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I am interested in the best way to write unit tests for a class whose public API involves some kind of a flow, for example:

public class PaginatedWriter {
public void AppendLine(string line) { ... }
public IEnumerable<string> GetPages() { ... }
public int LinesPerPage { get; private set; }
}

This class paginates text lines into the given number of lines per page. In order to test this class, we may have something like:

public void AppendLine_EmptyLine_AddsEmptyLine() { ... }
public void AppendLine_NonemptyLine_AddsLine() { ... }
public void GetPages_ReturnsPages() {
 writer.AppendLine("abc");
 writer.AppendLine("def");
 var output = writer.GetPages();
 ...
}

Now, my question is: is it OK to make calls to AppendLine() in the last test method, even though we are testing the GetPages() method?

I know one solution in such situations is to make AppendLine() virtual and override it but the problem is that AppendLine() manipulates internal state which I don't think should be the business of the unit test.

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The way I see it is that tests usually follow a pattern like 'setup - operate - check - teardown'.

I concentrate most of the common setup and teardown in the respective functions.

But for test specific setup and teardown it is part of the test method.

I see nothing wrong with preparing the state of the Object Under Test using method calls of that object. In OOP I would not try to decouple the state from the operations since the paradigm goes to great lengths to unify them and if possible even hide the state. In my view the unit under test is the Class - state and methods.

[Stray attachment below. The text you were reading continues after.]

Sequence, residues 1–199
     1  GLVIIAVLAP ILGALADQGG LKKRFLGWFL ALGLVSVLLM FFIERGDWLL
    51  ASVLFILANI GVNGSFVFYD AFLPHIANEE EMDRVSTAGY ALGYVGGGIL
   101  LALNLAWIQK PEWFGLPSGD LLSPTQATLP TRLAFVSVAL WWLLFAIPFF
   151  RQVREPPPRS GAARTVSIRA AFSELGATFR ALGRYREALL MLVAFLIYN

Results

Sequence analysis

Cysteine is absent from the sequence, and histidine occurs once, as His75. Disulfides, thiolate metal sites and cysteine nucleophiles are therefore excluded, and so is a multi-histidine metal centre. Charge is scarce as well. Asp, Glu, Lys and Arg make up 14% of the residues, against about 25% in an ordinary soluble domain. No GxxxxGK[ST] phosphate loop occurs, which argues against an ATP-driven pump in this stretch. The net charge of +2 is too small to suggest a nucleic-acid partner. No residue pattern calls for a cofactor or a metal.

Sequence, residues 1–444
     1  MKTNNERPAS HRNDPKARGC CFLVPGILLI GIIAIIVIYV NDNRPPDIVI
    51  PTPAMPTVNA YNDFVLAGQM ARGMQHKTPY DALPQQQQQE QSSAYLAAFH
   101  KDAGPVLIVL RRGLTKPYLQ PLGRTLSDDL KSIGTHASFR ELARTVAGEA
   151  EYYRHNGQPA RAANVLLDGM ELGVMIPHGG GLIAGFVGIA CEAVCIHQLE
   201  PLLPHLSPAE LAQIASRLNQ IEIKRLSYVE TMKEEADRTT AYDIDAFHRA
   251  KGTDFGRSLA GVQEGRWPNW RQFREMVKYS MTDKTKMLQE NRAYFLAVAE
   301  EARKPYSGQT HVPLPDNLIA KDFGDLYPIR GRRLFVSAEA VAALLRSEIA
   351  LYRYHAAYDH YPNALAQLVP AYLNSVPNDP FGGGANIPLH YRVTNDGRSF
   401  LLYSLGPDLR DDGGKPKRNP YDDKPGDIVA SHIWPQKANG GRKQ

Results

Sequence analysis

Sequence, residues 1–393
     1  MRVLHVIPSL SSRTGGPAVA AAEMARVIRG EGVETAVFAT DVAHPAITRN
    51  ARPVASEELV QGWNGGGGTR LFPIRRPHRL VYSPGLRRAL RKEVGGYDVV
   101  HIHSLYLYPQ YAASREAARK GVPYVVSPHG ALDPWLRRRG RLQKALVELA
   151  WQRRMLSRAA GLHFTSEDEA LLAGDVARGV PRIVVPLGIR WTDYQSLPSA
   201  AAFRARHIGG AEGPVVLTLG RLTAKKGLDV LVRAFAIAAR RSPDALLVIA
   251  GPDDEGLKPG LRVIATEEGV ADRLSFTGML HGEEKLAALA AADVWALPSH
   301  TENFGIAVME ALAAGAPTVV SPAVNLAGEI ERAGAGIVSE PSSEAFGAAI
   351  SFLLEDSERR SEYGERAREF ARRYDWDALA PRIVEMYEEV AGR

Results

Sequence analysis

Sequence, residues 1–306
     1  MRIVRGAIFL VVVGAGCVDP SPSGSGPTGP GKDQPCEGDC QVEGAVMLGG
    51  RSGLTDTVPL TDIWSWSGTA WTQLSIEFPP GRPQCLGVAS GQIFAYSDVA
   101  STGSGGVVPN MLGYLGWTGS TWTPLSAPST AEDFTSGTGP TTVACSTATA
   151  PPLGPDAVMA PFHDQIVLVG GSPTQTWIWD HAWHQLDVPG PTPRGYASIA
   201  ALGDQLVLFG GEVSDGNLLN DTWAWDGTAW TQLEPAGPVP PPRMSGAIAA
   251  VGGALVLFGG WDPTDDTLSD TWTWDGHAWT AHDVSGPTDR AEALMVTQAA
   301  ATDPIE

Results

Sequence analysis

I do make visual distinction in the code by separating the setup block from the operate block and the verify block with an empty line.

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Yeah, It seems that If we were to apply the "test one method only" rule strictly, we'd end up with a bunch of classes that have procedural interfaces. –  Mohammad Sep 1 '10 at 18:41
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Yes, I'd say that's absolutely fine.

Test in whatever way you find practical. I find there's rather too much dogma around testing exactly one thing in each test method. That's a lovely ideal, but sometimes it's just not nearly as practical as slightly less pure alternatives.

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